High-frequency data indicate U.S. hiring slowed in July — not held steady as widely expected — with particular softness among states that ended federal unemployment benefits and areas where the COVID-19 Delta variant is raging.
Payroll firm UKG said growth in employees across a wide set of industries grew 1.1% from mid-June to mid-July, coinciding with the period when the federal government employment survey is conducted. That was about half the 2% rate of growth seen between May and June, ahead of a blockbuster June national jobs report showing 850,000 additional positions added to payrolls.
Data on small business hiring from time management company Homebase also fell from mid-June to mid-July.
Notably, a UKG analysis of data spanning the period when 26 states began halting federal unemployment benefits showed that growth in work shifts in those states was half of what it was elsewhere – 2.2% from May through July versus 4.1%.
That adds to an accumulating body of evidence that the gamble a largely Republican group of governors made in halting the $300 weekly stipends didn’t parlay into more jobs.
“People are returning to work on their own. We just haven’t seen the surge of people returning that businesses were hoping for,” said UKG vice president Dave Gilbertson. He anticipates a smaller number of jobs added in July than in June.
National jobs and unemployment data will be updated Friday in a Labor Department report closely watched for evidence about the path of a U.S. economy that has already returned to pre-pandemic levels in terms of output but remains roughly 7 million jobs shy of where it was in early 2020.
In contrast with Gilbertston’s view, the median estimate of economists polled by Reuters is that hiring continued apace in July, with companies forecast to have added 880,000 payroll jobs.
Gilbertson said he still anticipated strong hiring in the fall as schools presumably reopen and daily life continues to notch back toward normal.
That may well depend, however, on how the economy responds to the resurgence of coronavirus infections led by the highly contagious Delta variant. Evidence may be emerging that the renewed outbreak is taking a toll, particularly in some of those Republican-led states where hiring has proved stodgy despite the early cutoff of the unemployment benefits.
A state-level recovery index from Oxford Economics, for example, points to a drop in economic activity and employment among high-infection states like Florida, Missouri and Arkansas.
“Recoveries were either flat or weaker in the high breakout states,” said Oxford lead U.S. economist Oren Klachkin, leading the firm’s national recovery index to decline for the first time since April. Worsening health data nationally may “show the recovery slipping.”
So far that has not been evident in other data series.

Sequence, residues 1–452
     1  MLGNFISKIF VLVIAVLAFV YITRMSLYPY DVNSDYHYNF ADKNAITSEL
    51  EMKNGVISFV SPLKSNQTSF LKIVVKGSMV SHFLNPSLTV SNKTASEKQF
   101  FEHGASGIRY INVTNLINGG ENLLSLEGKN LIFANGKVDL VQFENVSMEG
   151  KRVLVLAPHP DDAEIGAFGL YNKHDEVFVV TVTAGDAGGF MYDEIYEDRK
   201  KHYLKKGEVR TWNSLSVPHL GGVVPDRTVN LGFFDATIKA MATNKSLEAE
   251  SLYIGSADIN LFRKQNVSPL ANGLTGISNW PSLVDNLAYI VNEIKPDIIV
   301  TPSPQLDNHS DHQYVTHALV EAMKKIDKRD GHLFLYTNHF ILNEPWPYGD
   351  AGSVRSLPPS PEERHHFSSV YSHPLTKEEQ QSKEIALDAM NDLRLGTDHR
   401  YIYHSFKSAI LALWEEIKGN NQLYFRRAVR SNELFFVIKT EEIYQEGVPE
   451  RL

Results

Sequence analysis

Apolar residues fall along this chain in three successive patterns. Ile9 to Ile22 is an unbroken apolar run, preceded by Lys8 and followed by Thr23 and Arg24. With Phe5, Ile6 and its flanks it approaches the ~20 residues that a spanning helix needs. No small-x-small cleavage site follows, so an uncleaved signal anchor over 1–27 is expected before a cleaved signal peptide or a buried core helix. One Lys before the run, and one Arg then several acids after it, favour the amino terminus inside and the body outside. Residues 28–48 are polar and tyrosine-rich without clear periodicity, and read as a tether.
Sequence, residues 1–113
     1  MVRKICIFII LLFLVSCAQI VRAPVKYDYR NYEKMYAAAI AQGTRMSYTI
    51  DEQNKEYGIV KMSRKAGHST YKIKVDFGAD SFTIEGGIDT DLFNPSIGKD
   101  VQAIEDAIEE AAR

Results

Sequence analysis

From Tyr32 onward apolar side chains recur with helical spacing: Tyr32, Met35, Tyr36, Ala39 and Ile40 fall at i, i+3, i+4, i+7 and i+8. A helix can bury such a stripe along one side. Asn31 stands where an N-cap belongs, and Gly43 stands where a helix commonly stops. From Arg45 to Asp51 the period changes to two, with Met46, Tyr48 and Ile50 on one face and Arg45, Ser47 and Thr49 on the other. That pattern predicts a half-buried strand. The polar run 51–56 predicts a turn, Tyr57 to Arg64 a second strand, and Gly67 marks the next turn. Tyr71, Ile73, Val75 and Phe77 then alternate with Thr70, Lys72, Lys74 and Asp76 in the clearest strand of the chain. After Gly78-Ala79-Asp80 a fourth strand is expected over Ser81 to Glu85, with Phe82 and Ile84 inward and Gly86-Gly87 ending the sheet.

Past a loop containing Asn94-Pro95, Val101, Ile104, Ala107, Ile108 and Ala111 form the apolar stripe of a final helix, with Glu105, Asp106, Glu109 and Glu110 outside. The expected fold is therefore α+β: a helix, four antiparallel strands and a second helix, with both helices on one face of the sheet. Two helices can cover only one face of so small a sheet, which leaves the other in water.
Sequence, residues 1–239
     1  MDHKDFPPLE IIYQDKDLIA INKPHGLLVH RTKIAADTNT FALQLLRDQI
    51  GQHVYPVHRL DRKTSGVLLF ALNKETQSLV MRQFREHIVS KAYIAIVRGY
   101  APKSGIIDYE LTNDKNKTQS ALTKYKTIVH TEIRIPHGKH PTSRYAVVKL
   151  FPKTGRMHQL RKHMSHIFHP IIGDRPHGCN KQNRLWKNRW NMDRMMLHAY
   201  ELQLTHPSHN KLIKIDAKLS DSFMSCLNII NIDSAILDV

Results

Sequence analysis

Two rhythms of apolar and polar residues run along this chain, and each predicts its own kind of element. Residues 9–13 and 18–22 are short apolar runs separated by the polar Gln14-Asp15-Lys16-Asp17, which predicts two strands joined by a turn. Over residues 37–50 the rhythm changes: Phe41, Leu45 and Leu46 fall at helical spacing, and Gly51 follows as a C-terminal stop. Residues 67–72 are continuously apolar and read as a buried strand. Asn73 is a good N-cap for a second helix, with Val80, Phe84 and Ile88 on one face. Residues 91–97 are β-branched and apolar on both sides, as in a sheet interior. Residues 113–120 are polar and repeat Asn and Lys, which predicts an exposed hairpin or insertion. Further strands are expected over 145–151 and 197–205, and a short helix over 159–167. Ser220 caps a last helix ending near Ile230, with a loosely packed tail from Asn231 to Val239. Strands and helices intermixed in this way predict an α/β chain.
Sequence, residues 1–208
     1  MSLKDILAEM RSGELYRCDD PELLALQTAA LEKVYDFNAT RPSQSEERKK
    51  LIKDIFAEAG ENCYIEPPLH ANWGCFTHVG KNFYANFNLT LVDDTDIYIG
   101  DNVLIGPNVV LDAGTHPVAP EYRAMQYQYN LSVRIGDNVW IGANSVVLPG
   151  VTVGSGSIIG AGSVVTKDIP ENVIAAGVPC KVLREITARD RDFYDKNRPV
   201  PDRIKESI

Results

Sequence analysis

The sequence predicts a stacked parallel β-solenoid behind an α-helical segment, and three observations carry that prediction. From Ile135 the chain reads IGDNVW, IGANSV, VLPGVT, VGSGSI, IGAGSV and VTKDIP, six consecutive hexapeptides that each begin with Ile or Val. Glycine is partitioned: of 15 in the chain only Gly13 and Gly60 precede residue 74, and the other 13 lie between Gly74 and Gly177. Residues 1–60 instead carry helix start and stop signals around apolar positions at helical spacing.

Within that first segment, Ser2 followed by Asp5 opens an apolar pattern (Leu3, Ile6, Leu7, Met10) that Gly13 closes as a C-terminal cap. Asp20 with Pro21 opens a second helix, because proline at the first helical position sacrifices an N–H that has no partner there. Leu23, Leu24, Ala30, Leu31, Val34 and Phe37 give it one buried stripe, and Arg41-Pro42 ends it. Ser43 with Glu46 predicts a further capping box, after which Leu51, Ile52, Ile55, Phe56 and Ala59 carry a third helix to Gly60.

The Transportation Security Administration showed 4.2 million travelers checked onto flights last weekend, about 85% of the comparable weekend in 2019 and in line with recent weeks. OpenTable showed diners continued turning up at restaurants at levels comparable to 2019.
During the pandemic economists have paid particular attention to “mobility,” the movement of people outside their homes, as a general sign of recovery. As of now, Klachkin said, it “hasn’t slowed.”
MINIMAL IMPACT FROM CUTTING BENEFITS
But neither does the U.S. economy seem to be kicking into a higher gear when it comes to hiring.
With roughly one job available for every person estimated to be unemployed, economists have puzzled over why positions aren’t filling faster, and offered a list of reasons from the ongoing fear of infection to the lack of available child care.
Recent analysis has consistently minimized one of those explanations: the impact of the extra unemployment benefits.
Researchers at the University of Chicago and the JPMorgan Chase Institute, using JPMorgan data on account holders who lost jobs and received enhanced unemployment benefits, found that through April the payments diminished the reemployment rate by no more than 1 percentage point. The payments, offered with few conditions to a broadened group of individuals, were $600 per week early in the pandemic and reduced to $300 late in 2020. They were a key reason personal income rose during the pandemic despite massive unemployment.
Arindrajit Dube, a University of Massachusetts Amherst economics professor, used data from the Census Household Pulse Survey to conclude that the suspension of the benefits in a group of states did nothing to boost hiring but instead “increased self-reported hardship in paying for regular expenses.”
UKG’s Gilbertson said he attributed the slower rate of shift growth in the one group of states to the fact that they generally were among those that imposed fewer restrictions early in the pandemic and “didn’t have as far to cover.” It was also possible that the surge in cases is leading to “some early signs of a slowdown.”
Either way, he said the data seemed clear on one point: “The extra benefits were likely not the thing holding (individuals) back from accepting a new job.”
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